This blog is dedicated to the sublime instruments called nose flutes and which produce the most divine sound ever. We have chosen to discard all the native models from S. Pacific and Asia, for they need fingering to be played. We'll concentrate on "buccal cavity driven" nose flutes : the well patented and trademarked metal or plastic ones, plus, by a condemnable indulgence, some wooden craft or home-made productions.
Apr 23, 2016
Leonard Solomon is a musician and performer, but before all, he's the inventor of the Bellowphone. «In 1983, in his Cambridge basement, Len built the Majestic Bellowphone, and he took it to the streets along with his 5-ball juggling routine, taking his place among the ranks of classic Harvard Square street acts. » The Bellowphone is a multi-instrument, being composed of many single wind and percussion instruments and activated by a foot pump, the bellow. It is a beaufitul and funny organ. Great job, Len! We love the Bellowphone!
In this video, "Stars and Stripes Forever", Len majestically plays the Bellowphone. A kazoo drives the melody in the first part, but from 1'54 you can hear a few nose flute notes (as explained at 0'15). [Visit the Bellowphone YT channel with many other great videos]
Apr 20, 2016
Apr 19, 2016
This post is the sequel of New Nose Flutes by Master Katada - Part I
Master Katada also sent me three other nose flutes, very peculiar models of his invention: one Direct Nose Flute (ダイレクト鼻笛), and a couple of the Kunimaru Nose Flute (くにまるの鼻笛). All are made in bamboo.
3 - The Direct Nose Flute (ダイレクト鼻笛)
The Direct Hanafue is one of the many ancestors of the Kunimaru (see below for history), and was an intermediate completion for a project initiated much earlier. I guess this version dates of 2014.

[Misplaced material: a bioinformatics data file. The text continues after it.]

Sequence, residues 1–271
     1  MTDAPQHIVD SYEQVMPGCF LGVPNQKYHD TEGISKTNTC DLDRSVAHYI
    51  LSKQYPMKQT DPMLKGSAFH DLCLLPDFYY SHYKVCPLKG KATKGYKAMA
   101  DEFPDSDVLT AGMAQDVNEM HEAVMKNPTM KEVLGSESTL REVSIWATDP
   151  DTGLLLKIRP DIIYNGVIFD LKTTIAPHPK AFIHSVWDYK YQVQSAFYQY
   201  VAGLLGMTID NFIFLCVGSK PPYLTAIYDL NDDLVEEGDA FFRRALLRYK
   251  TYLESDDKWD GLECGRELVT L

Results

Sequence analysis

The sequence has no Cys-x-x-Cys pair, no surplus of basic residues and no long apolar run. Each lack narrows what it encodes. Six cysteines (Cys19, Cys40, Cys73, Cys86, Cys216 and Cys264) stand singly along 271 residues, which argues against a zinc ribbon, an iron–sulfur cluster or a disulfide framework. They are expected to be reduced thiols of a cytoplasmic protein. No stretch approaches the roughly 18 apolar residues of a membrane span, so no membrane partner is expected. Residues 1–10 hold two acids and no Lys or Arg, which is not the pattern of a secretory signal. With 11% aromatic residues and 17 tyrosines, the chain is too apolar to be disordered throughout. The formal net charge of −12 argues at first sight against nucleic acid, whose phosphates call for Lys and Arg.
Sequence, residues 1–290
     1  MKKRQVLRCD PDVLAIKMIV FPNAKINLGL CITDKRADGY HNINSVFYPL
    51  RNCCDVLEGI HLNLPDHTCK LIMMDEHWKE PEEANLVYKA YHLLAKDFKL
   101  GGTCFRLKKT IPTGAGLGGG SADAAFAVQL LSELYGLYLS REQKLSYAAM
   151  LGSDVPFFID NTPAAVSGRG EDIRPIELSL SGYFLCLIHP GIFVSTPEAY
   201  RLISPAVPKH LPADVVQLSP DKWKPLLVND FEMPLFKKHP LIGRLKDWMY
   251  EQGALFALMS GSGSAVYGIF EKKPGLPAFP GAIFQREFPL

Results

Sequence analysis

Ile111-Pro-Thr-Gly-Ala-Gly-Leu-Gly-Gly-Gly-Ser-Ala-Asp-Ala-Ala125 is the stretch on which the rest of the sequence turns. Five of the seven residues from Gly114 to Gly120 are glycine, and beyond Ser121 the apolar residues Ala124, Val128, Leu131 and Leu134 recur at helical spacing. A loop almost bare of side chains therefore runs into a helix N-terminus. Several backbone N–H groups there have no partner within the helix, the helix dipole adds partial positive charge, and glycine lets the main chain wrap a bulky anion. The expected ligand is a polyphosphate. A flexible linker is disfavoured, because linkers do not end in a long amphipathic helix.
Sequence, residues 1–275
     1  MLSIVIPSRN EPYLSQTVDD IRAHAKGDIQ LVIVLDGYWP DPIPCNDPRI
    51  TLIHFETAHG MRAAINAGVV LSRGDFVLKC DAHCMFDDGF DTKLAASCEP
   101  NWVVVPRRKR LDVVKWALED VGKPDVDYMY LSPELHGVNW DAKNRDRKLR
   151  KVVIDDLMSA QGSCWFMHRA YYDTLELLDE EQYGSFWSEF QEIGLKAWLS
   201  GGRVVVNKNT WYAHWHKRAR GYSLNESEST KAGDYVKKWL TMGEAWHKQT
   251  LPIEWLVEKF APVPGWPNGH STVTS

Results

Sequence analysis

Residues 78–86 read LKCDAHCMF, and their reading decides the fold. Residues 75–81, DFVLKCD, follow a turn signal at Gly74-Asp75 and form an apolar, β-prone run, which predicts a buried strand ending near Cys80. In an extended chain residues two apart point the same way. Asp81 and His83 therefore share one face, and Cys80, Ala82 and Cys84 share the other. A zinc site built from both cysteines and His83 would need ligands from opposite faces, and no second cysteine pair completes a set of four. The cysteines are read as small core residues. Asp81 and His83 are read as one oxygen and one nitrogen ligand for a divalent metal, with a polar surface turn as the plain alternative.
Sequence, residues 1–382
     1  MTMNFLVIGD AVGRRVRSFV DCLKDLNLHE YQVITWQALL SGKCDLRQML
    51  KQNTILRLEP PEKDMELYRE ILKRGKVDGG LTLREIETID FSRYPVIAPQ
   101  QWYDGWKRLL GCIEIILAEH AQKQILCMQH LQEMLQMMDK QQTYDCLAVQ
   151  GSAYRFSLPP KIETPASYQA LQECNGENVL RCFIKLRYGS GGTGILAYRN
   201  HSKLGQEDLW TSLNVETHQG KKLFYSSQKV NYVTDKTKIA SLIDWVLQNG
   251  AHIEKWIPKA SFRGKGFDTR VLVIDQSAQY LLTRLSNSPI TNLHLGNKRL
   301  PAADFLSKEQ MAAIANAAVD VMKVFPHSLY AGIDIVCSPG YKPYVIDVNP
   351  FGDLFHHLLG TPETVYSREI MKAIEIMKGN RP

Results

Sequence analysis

This instrument is stunning, totally aside the generic shape of known nose flutes. It is a kind of a skeleton of a nose flute, having (almost) all the unnecessary material removed. The air way is piece of straw and the air collector is a small plastic bottle (the kind you get filled with soy sauce with a couple of sushis) that the player inserts in one of his nostrils! When Kunio Katada imagined this system, he wrote on his blog « 難儀！！挿入型鼻笛 » («Affliction!! Insertion type nose flute!»).
As you can see on the pictures, the flute is made of a bamboo tube with a mouth hole, ridged by a contoured flat ring — a lip plate – as done on the western concert flutes. In fact, the rod has been cut longitudinally, and a flat piece of bamboo, where the fipple is cut, has been glued to close the tube back up. The air trickle is projected on the fipple sideways! Indeed, the fipple itself has been cut horizontally, and in the inside of the bamboo rod. The blown air is driven from the nostril insert to through a pair of coupled tubes, the longest one becoming sharper where it reaches the body, accelerating the blown air towards the labium.
Both ends of the bamboo rod are open, and if you clog them with your fingers, you get a lower note (± 1 tone, depending on the pitch).
Ki Kanban sent the Direct Nose Flute with some accessoires: spare straws, a spare "soy bottle", and another nostril plug, more complex (less pure in its shape), but conical, and thus more ergonomic. But I must say that the regular "soy bottle" insert doesn't hurt at all. About having to insert the collector in your nose, Master Katada wrote on his blog: « However, to play this whistle in public, because of the embarrassment of the plug in the nose, we need courage to a great extent! ». We are very courageous. Well, no, but we are a western punk.
We made a little recording to show you this nose flute is more than playable!:
4 - The Kunimaru Nose Flute (くにまるの鼻笛)
Now, my friends, we're going to touch the sublime. The Kunimaru Nose Flute (くにまるの鼻笛) is not only brilliant and beautiful, but it is also a great nose flute. It is the achievement of a process Master Katada began in December 2008. The first « Kunimaru no habanue » dates of November 2015, but the final model (narrow plate model) of January 2016. More than seven years to reach the perfection.